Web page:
Natural Person Income Tax
Of his day, the Natural Person Income Tax rate was regulated to 33 per cent. From 1 July 2006 this tax rate was lowered to 27 per cent and since 1 January 2008 it has fallen to the final 24 per cent.
VAT in Lithuania
The Value Added Tax has come into the effect on 1 July 2002 and on 1 May 2004 it has been adopted to the norms of the European Union, including the 6th directive. All the adjustments to the VAT on internal supplies went into the use.
Drawback of VAT
In the chapter XIII of the Lithuanian Law about VAT of 2002 (amended on 15 January 2004, clause IX-1960) the possibility of VAT drawback for foreign companies was created.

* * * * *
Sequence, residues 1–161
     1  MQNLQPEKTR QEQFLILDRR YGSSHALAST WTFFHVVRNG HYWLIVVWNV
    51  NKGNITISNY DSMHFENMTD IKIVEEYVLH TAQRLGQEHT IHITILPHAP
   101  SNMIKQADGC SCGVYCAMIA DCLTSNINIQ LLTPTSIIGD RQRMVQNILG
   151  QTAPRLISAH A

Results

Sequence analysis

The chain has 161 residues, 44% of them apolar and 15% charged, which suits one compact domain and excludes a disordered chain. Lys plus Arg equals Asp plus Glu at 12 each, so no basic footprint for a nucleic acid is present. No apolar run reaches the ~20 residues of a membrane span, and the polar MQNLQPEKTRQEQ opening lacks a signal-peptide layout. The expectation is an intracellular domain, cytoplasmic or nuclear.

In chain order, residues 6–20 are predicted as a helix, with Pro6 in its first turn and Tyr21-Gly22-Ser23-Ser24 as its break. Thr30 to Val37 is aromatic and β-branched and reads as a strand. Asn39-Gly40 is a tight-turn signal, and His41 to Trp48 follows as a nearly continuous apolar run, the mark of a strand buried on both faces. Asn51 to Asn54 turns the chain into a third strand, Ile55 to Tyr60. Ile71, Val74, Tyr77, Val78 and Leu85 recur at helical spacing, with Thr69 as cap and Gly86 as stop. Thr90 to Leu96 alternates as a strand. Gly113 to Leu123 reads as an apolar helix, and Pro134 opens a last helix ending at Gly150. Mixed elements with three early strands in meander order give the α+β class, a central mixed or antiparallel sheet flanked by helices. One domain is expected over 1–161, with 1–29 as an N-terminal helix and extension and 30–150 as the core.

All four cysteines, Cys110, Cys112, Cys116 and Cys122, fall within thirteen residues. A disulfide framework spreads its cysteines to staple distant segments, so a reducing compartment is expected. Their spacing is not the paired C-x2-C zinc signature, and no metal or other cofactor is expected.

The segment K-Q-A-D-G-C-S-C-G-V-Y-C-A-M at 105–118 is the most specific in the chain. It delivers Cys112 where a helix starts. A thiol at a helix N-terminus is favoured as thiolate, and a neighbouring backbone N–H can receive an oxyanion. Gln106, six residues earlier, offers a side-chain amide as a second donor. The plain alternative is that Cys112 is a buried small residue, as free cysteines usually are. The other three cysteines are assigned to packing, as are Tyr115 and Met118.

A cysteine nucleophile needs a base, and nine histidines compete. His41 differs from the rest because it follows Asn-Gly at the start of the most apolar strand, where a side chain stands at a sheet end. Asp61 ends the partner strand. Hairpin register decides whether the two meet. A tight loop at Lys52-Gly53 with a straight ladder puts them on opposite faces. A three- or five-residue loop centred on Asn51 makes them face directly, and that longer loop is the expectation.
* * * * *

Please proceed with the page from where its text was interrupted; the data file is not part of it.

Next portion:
Agreement on avoidance of the Double-Taxation Austria - Lithuania
Agreement on avoidance of the double-taxation between Austria and Lithuania (BGB1.III 209/2005) was under discussion from 2002, it was signed on 6 April 2005 and since 17 November it has come into operation.

Structure of economy in Lithuania

After the becoming an independent country and changing to a market economy system Lithuania attended the above-average growth very quickly. In 1998 there was an economic crisis in Russia, but the Lithuanian economy increased on average about 7.3 per cent. In 1999 it came to recession which meant the decrease of economic activity of about 1.8 per cent. In the year 2000 the rise of about 4.0 per cent of the Gross Domestic Product was noticed. From 2001 the continual growth rate was achieved; circa 6 per cent (2001=6.5%, 2002=6.7%), which in 2003 culminated in the temporal economic growth of about 9 per cent, in 2004 about 7 per cent and in 2005 about 7.3 per cent. For the following years it is counted with an economic growth of about 6 - 7 per cent.